Saturday, August 27, 2011

2011 Waldo 100k

Waldo, quite simply, is a race to look forward to.  Ever since running it last year I couldn't wait to get back.  A beautiful course of 99%(!) singletrack in the mountains east of Eugene, there is little more you could ask for.  The views from Fuji Mtn. and Maiden Peak are literally breathtaking.  The trails are always in great shape.  The many volunteers are amazing.  The atmosphere at the event is fantastic.  RD Craig Thornley manages to nail every detail, but keeps the whole affair somehow extremely relaxed and easy going.  It is a great gift, and it matters not how you go about unwrapping it.

the mastermind at work
That being said, it is not an easy run.  62.5 miles is far any way you do it.  Add 11,000 feet of climb and you have a long day in front of you.  It takes tenacity and courage, patience and eagerness.  You have to be ready. 

Training had gone well.  No crazy volume, but consistent running.  And between the Mount Hood 50, hiking Defiance with Ruth, and the epic Hood circumnavigation, I had put a lot of crucial time on my feet in.  I'd done this before and knew what to expect.

map of the course

elevation profile

I found out Monday before the race that I had gotten a bid to do a large tile flooring job (I am a self-employed tile setter) for Stumptown's new coldbrew facility and it was on a very quick schedule.  700 sf hopefully done by the next Monday.  Ugh.  This was not going to be easy.  Monday night I got Thursday afternoon I had 40 hours in already and I was jacked up.  There was no way I could enjoyably run.  The thought was unpleasant.  Luckily, there was a delay on some of the material and Friday ended up being slightly less demanding.  Thank God, because it ached just to walk.  Not the hurt of a long run, but localized in my knees and hips.  Go figure.  Anyhow, I got the truck loaded up, picked up the kids from school and Ruth from work, dropped the kids off at Grandma's (thank you, guys!), and Ruth and I hit the highway.  A little dinner, some passsenger seat acupuncture, some GPS shortcutting by Ruth, and before long we were at Willamette Pass ready for our midnight bedtime.  The tent we borrowed wasn't going to work so we crashed in the back of the truck.  Ugh.

Morning came, I checked in, and gear got put on.  Food got eaten, and friends were found.  Countdowns were made and the race was on.

Waldo starts with a long climb up the ski slopes in the dark for a couple miles until you hit the trails.  I had hoped to be near the front to avoid all the dust that inevitably gets kicked up, but it was pretty apparent right away that my legs were not wholly behind the decision to be upright, let alone beginning this race, so I had to put my ego in my back pocket and commit to taking it easy and seeing if this was something I should be doing.  I figured I would know in a couple hours (after Fuji Mtn.) if my legs would come around or not.  If so, then maybe I could think about racing.  But for now, it was entirely preservation.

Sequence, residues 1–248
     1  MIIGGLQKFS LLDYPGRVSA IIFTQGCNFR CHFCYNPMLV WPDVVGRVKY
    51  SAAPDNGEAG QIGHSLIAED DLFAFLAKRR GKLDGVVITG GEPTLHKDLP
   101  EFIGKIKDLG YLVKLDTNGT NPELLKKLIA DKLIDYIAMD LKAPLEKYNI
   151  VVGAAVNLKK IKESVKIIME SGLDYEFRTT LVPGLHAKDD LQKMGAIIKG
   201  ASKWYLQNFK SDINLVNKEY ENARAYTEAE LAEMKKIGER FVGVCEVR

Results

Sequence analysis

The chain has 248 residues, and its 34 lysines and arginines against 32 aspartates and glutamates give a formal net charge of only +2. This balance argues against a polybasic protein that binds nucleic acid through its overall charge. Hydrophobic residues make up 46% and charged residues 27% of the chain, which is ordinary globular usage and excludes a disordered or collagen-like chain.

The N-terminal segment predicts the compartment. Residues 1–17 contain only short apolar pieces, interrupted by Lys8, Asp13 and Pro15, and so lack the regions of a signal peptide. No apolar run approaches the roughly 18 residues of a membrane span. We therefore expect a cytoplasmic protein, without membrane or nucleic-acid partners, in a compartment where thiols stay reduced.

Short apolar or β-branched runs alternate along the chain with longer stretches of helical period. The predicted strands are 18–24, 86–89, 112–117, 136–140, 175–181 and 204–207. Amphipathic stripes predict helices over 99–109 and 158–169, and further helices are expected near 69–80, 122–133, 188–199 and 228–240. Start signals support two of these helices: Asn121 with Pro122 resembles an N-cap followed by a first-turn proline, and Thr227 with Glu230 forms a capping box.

running to fuji

The run up to Fuji brings some life into me.  The anticipation of seeing the beautiful summit, knowing I will see how the race is unfolding on the up and down keeps me moving.  Eventual winner Dave Mackey already had a huge gap, over 10 minutes.  Nick and Yassine are running strong in 3rd and 4th.  (I appear to be in the top dozen perhaps, and I would stay there all day).  

Up to the top, a bit of a chat, and back down.  All this is comfortably runnable and I feel like my pace is good. Sure, I was walking some of the climbs, but things are loosening up a bit.  This might work out.  Keep it easy down to Mt Ray AS, ease into the first climb of the twins and see what happens.

Coming into Mt. Ray
When I got to Mt. Ray (mile 20) I got to see Ruth.  She would be a steady presence on the run and a foundation for strength throughout the day.  I had been running solo since the start and her company was a blessing.  

"how are you?"  I say
"you look pale" she says

I tell her I'm fine, and I get going.  She is right, though.  This race has barely started and I am off--on the edge.  I'm tired and I'm lonely, and I have a long way to go.  I try not to think beyond the now and breathe in strength.  

Into Charlton Lake and ready for a rest
Things were actually going pretty well to this point, everything considered.  My nutrition was solid.  No issues at all. I was running the climb up to twins decently.  Sure, I didn't have any kind of high gear, or racing legs--this was apparent--but also expected.  My legs weren't fatigued, just tired.  It sounds the same, but there is a difference.  (Like the eskimos have a tone of words for "snow", I think ultrarunners have a similar vocabulary for tiredness.)  Like I'd been on my damn knees too much lately.  In and out of Twins AS pretty fast.  Thanks for all the help Elvises!  Going down the hill to Charlton Lake, the pace felt good--I was just mentally tired out.  I had been doing nothing for a week but working by myself, and motivating my tired self, to the point where I was beginning to want to just shut it off for a while.  Not think.  Rest.  My whole self.  I just wanted to stop and take a break.
I decided when I hit Charlton Lake (32 mile point) it was lunchtime.  Just over 5 hours in.  I was beat.  If I was gonna do this I needed to put some solid food down.  Took a seat.  Ate.  Sandwiches, fruit, potatoes.  Regrouped.  Ruth was a big help here (as she had been and would be all day), tending my needs.  As I was sitting, first place woman Aliza Lappierre came and went.  She sparked some motivation and I got ready to get back to it.  It was getting hot and knew the next couple legs would be a bit more exposed.  I filled my hat with ice (ahhh!) and hit the trail for the next section to road 4290.